Kemmerer's American Legion awarded Commissioner's Tag


Kemmerer’s American Legion Post 55 recently raised money to give back to the community with the once-in-a-lifetime opportunity to purchase a Wyoming deer, antelope, or elk tag in any open unit with any legal weapon across the state. The Commissioner Tag was awarded by Kemmerer’s Clerk of District Court Kenneth Roberts. Roberts, who is also the Game and Fish Commissioner for District 3, said, “I get two or three requests a day for this tag.” He said he wanted to give the award to nonprofit organizations that are civic-minded and give back to the community and the American Legion does that. He added, “They do amazing things for the community.” Roberts said, “I’m a vessel to give money from the state to organizations like the American Legion that give to charities. Everybody is a part of it.” 

The Legion offered this rare and very coveted license at a raffle. Wyoming Game and Fish allows the holder of this tag to have an experience chasing trophy class big game in an area of their choice that would otherwise be nearly impossible to attain because of the high demand for these hunts. This incredibly rare opportunity allows the hunter to choose the species—elk, deer or antelope. The American Legion sold 25 tickets at $1,000 apiece. Roberts says he plans to award the Commissioner’s Tag to the Legion in 2023 as well. 

Kemmerer’s American Legion focuses on service to veterans, servicemembers and the community. The group’s commander, Robert Bowen said they really rely on each other and the services they provide. Such services include fundraisers, donations, supporting local nonprofits, and military honors, to name just a few. They also host parades as well as perform flag retirement ceremonies on Flag Day.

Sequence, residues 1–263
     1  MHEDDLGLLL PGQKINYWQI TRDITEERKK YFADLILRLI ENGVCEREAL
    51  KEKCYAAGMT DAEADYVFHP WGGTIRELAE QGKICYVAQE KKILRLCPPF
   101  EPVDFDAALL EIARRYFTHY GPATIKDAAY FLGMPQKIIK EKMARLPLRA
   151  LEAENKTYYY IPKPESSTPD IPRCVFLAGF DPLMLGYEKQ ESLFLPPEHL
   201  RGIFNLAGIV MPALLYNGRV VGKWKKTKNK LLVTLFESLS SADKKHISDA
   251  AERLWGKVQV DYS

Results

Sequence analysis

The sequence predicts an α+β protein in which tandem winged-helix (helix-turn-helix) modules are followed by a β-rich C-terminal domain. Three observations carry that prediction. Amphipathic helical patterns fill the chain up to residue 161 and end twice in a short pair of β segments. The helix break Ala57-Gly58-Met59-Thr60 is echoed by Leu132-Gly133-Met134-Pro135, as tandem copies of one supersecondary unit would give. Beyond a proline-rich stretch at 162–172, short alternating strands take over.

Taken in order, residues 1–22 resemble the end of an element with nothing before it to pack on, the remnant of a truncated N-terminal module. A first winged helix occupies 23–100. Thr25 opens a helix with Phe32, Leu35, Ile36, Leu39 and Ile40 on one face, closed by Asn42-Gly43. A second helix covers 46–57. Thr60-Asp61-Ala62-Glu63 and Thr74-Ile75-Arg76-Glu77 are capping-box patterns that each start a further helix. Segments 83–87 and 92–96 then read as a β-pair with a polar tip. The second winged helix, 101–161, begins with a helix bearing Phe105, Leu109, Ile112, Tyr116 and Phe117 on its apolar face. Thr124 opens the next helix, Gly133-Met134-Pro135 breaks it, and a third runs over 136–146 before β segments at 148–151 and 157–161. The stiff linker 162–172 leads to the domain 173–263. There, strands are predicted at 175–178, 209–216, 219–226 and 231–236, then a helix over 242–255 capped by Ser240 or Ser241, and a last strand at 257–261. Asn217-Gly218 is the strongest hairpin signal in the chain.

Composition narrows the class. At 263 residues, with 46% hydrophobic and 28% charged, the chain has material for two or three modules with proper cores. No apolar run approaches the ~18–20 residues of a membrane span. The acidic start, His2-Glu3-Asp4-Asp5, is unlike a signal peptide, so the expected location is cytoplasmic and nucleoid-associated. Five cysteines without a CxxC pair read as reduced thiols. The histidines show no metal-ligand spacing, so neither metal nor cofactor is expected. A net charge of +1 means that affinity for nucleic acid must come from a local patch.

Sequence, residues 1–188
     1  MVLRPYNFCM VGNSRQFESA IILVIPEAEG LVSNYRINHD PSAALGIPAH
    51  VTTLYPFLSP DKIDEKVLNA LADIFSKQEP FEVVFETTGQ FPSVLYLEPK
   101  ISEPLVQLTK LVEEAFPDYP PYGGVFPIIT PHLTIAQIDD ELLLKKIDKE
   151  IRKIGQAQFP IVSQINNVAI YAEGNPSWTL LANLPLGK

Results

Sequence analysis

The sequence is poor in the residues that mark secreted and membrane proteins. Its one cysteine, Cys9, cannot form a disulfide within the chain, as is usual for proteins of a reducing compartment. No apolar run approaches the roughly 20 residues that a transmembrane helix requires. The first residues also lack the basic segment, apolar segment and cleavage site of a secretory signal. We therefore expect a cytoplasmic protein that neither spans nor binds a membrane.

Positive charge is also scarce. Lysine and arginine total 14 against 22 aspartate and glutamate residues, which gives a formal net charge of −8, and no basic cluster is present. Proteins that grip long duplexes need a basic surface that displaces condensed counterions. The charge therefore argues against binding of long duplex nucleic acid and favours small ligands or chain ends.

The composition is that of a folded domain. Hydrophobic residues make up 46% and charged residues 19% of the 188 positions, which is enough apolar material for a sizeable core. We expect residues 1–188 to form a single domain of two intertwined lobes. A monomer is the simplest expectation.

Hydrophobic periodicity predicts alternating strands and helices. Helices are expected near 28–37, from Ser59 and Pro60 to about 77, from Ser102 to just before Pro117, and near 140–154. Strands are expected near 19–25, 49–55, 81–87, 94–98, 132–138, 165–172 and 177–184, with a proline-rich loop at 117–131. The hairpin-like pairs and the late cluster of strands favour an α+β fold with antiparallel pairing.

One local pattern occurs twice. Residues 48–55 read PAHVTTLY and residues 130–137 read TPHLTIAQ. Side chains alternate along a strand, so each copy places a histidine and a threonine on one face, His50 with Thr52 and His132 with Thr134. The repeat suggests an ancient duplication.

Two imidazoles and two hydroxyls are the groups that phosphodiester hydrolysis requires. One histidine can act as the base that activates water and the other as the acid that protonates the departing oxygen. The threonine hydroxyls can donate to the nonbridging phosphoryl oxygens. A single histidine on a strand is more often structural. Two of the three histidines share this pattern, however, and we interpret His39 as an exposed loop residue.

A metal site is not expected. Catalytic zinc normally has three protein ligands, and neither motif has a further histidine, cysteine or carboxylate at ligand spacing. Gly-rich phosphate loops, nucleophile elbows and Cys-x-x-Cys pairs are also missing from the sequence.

Money raised from American Legion goes to several beneficiaries including scholarships to students attending trade schools. They also donate to the Senior Center in Kemmerer twice a year, once during Thanksgiving and once during Christmas. Funds also go to providing 500 flags placed on veterans’ graves in the three local cemeteries on Memorial Day. They have contributed to Paws and Claws, the local animal adoption and care center, as well as Angel Tree where citizens can pick an ornament with a child’s name on it to ensure the child receives a Christmas present. They also donate money to the organization so they have the funding to provide presents for families that come in too late to be added to the trees.

The Legion provides military honors at veterans’ funerals with a 21-gun salute and taps played on the bugle. Every year, there is a flag retirement ceremony on Flag Day where the Legion will collect unserviceable flags and take them to the Triangle downtown. Bowen said, “We fold the flags and follow proper procedure by placing them on a fire while doing a 21-gun salute and playing taps.” This is a procedure done out of respect for the flag and those who serve our country. The Legion teaches flag etiquette to students as well as Rotary Club members. Other services include helping all veterans, as well as members of the Legion. Bowen said, “We rely on each other and, since Wyoming is so spread out, we end up providing rides to our veterans to appointments and other places, like the airport.” 


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